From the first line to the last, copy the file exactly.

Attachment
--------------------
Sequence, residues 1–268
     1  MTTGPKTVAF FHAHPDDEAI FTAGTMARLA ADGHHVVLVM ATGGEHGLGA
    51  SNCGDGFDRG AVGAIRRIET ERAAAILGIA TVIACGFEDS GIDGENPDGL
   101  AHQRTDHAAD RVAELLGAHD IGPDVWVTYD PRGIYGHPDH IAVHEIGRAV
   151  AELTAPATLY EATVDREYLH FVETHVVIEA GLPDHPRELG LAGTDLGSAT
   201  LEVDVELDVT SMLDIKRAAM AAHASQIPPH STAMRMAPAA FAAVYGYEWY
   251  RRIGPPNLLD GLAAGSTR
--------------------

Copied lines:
Sequence, residues 1–268
     1  MTTGPKTVAF FHAHPDDEAI FTAGTMARLA ADGHHVVLVM ATGGEHGLGA
    51  SNCGDGFDRG AVGAIRRIET ERAAAILGIA TVIACGFEDS GIDGENPDGL
   101  AHQRTDHAAD RVAELLGAHD IGPDVWVTYD PRGIYGHPDH IAVHEIGRAV
   151  AELTAPATLY EATVDREYLH FVETHVVIEA GLPDHPRELG LAGTDLGSAT
   201  LEVDVELDVT SMLDIKRAAM AAHASQIPPH STAMRMAPAA FAAVYGYEWY
   251  RRIGPPNLLD GLAAGSTR